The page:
“We started RISE to help more people find health. We believe that each person is on Earth for a purpose and if they are healthy, they can do it with zeal. The world is a better place when people are doing what they are meant to do. Thomas Jefferson said, “Exercise and recreation are as necessary as reading. I will rather say more necessary, because health is worth more than learning.” The root of everything is having a healthy body, mind and soul. RISE is working towards that every day.

From a business perspective, we wanted to be the first to open a running studio in Columbus so that we could expand our love of running to our programming. Running studios are popping up around the country just like cycling did ten years ago. We love being a part of this action-packed opportunity.”


Me with co-owner, Michelle Flemming

What is your experience as a runner and how does that help make RISE specifically beneficial for runners?

“Both Jess and myself have been runners for a long time. We were athletes growing up in sports that required at least 5 miles per game. After our sport specific days came to an end, we both desired a physical challenge, to feel strong again and of course a little competition (even if it just with ourselves). We ran for exercise and for mental health, but when RISE Run Club came about, we discovered another level of training. We are healthier and stronger athletes than we were ever before, and the best part is that our RISE athletes are actually in better shape than us! Although it is a pride check to get out run by one of our athletes, it is the exact reason that we do what we do: to bring out the best in people.”

Can you give us a quick rundown of the classes and programs you offer to benefit runners?

“We offer RISE Run Club and HIIT IT classes all day, every day of the week and our athletes reach their goals using any combination of the two. In addition to these large group exercise programs, twice annually we offer a half & full marathon training program (July & February). We love helping our athletes set a lofty goal, overcome obstacles, and cross that start line. The finish line is just some extra icing, and it is only after our runners do it that they realize the journey was just as sweet as the glorious finish.”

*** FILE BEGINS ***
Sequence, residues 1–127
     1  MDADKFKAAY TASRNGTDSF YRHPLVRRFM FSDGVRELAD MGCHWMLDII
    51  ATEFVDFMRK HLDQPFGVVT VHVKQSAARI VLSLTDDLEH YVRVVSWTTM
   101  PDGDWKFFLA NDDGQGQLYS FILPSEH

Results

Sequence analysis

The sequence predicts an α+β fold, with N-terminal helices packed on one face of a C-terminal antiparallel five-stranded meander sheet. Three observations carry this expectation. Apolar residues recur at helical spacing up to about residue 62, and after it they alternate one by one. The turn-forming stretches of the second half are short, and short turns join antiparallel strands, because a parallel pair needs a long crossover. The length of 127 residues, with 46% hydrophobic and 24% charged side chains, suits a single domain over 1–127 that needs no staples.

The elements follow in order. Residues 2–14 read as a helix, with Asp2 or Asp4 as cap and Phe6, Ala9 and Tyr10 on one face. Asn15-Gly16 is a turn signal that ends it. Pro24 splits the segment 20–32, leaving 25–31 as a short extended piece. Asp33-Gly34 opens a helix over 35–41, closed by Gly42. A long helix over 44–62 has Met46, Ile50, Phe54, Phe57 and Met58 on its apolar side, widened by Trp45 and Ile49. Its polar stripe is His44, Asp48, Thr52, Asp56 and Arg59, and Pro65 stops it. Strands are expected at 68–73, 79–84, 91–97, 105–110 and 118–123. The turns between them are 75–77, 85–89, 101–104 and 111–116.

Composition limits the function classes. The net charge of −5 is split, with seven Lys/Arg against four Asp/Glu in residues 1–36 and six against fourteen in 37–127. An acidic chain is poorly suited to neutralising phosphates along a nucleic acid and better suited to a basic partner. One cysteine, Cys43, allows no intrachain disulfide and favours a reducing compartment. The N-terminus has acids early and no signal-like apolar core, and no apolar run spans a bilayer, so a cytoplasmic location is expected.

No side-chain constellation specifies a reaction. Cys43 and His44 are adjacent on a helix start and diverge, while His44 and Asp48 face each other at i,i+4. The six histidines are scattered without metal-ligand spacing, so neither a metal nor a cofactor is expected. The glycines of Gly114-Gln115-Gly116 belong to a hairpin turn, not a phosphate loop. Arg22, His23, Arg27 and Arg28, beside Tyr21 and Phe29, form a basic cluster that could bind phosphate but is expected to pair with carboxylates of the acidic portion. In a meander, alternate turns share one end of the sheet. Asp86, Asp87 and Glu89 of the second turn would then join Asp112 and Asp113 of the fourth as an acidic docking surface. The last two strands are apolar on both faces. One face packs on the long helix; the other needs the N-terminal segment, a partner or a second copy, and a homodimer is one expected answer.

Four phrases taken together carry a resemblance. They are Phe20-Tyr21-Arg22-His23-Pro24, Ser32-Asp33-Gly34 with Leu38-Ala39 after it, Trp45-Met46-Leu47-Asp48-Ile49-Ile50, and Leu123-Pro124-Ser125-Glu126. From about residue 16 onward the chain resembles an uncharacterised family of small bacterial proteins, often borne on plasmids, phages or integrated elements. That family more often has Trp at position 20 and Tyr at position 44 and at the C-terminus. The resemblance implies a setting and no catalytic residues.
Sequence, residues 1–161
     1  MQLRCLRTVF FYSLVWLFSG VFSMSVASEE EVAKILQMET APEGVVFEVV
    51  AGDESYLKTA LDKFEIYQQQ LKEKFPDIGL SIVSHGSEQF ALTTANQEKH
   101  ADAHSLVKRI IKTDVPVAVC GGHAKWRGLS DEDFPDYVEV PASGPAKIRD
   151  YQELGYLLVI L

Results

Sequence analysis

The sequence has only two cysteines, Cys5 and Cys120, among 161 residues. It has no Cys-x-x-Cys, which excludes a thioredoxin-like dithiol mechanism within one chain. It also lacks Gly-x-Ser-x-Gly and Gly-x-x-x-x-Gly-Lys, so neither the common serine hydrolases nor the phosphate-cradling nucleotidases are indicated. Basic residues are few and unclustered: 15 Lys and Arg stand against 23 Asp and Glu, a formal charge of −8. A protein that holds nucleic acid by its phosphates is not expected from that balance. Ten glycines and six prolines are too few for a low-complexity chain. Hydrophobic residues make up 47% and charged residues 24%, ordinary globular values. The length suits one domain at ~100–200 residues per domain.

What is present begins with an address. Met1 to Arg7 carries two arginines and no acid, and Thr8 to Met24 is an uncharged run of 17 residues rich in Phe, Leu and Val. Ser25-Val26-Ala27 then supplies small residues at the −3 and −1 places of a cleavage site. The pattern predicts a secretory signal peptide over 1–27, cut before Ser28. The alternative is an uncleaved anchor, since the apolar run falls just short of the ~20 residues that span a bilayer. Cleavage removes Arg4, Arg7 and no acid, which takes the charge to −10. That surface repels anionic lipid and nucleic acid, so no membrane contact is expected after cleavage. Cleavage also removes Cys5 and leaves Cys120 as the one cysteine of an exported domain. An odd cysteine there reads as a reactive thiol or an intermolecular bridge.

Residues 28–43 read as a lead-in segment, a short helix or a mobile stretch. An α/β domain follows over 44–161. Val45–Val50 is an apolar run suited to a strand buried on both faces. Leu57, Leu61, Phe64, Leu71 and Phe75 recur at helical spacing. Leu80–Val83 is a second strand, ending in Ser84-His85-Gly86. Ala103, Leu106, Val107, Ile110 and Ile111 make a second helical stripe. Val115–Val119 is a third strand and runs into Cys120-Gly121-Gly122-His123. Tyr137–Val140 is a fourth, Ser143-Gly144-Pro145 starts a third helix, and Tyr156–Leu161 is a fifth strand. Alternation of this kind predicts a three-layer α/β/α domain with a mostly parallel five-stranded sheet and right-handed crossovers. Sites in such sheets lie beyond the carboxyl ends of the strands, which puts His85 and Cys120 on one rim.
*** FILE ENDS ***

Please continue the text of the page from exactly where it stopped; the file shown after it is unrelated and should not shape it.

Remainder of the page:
Both owners and all the instructors we’ve met so far are kind, genuine and super motivational. They want you to work hard towards your goals, whether its getting into running, training for your first 5K or trying to qualify for Boston. That last one’s not on my personal bucket list, but I’m only half crazy!!

If you want to check it out, they offer first class free and have ongoing specials, challenges & more.  Tomorrow is FRIEND FRIDAY so bring a new training buddy to sweat it out with you and you’ll both receive a free class added to your account!

I really can’t say enough good things about this studio, the workout(s) and the people. I will be a long-term athlete here and can’t wait to have them help me cross many finish lines over the coming years… starting with th



Left to right // Jen (new member!), Jessica (co-owner), & me in the obnoxious neon 🙂

Weekly Workout – Interval [treadmill] Training II

[t gellenbeck]

For yesterday’s speed session, I did a “ladder” interval workout.  My brother, a former Track & Field sprinter and state qualifier (yes, I’m bragging, but I’m a proud big sister!) once told me that ladders were one of the best speed workouts for getting faster.  They are also a nice change to your regular routine!

I did this at 5AM, so I needed a slower paced warmup to wake up my body.  Feel free to adjust to your own level, but make sure you warmup for 10-15 minutes at a comfortable, easy pace.